The Animal Hero Awards are back for the seventh year – with some incredible stories of bravery and dedication in the animal world.
From animal welfare officers who have rescued pets from some of the most appalling situations, to therapy dogs helping children to read – their heartwarming stories are inspiring.
Co-host Helen Glover said: “The Animal Hero Awards are all about the winners, and it’s going to be such a pleasure to meet them, and to help them celebrate.
“I know there will be plenty of emotional moments, but I hope we’ll all have a good laugh too. It’s going to be a fantastic night.”
Claire Horton, Battersea Chief Executive commented: “The Animal Hero Awards really demonstrate the bravery and resilience of animals and the difference they make to our lives.
“Battersea is honoured to celebrate such incredible animals and the inspirational and tireless people who devote their lives to protecting and safeguarding our fellow creatures. They truly are all heroes.”
Here are the winners and their heroic stories
Outstanding Contribution: Chris Packham
The naturalist, TV presenter and conservationist was honoured with the Outstanding Contribution award for being one of Britain’s most powerful voices in the natural work.
Since he could crawl Chris has been an ardent nature lover – as a toddler he would search the family garden in Southampton for ladybirds to rescue and he spent his teenage years studying birds, badgers and other wildlife.
Chris, 58, studied Zoology at Southampton University and trained to be a wildlife cameraman before swapping for a career in front of the camera, presenting award-winning The Really Wild Show from 1986 until 1995.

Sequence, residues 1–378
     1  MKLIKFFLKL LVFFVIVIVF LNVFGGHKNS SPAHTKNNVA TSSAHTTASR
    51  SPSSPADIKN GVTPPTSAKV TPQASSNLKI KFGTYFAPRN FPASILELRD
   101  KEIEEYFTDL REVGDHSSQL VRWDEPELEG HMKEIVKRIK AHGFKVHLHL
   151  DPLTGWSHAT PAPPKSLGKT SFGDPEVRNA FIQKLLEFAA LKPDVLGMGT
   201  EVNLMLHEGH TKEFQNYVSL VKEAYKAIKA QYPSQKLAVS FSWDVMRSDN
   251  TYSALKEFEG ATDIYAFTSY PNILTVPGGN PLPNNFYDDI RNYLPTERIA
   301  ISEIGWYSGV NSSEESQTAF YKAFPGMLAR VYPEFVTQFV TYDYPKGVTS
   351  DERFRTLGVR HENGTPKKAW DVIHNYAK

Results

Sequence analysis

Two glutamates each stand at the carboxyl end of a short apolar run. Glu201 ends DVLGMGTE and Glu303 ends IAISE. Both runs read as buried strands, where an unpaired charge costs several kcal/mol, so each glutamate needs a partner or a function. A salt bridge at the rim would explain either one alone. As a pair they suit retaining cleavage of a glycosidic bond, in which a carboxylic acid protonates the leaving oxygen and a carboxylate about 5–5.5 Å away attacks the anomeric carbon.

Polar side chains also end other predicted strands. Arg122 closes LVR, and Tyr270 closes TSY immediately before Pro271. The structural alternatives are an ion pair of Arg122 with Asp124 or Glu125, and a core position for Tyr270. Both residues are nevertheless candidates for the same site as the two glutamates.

He has become one of our best-loved wildlife presenters, with the hugely popular Springwatch, and its BBC spin-off shows.
Throughout his career, he has been a fierce opponent of the badger cull, hunting and a leading campaigner against driven grouse shooting.
Chris also co-founded the Wild Justice campaign group which takes legal action on the behalf of wildlife against public bodies who are failing to protect species and their habitats.
Special Recognition: Rich Hardy
Undercover investigator Rich has exposed some of the most heinous examples of animal abuse around the world for nearly 20 years.
Rich’s pictures and video footage from inside places such as abattoirs, factories, circuses and livestock markets have been used worldwide by more than 20 international animal protection charities.
They have helped to launch campaigns, change laws and inspire people to act for animals.
Rich has documented animal suffering in 28 countries, providing organisations with key evidence to push for new welfare laws, pursue animal cruelty prosecutions or raise public awareness about the need to treat animals with kindness and respect.
His many assignments have included infiltrating fur trappers in the USA and monkey breeding farms in Asia, as well as undercover investigations into the meat industry, live exports, ritual slaughter of sheep in Singapore, and the horrific battery farming of rabbits for use in pet food sold in Britain.
Although his work has been widely featured in campaigns and news outlets, he has always remained anonymous to allow him to continue working undercover.
His identity can now be revealed as he is giving up undercover work to focus on activism and campaigning.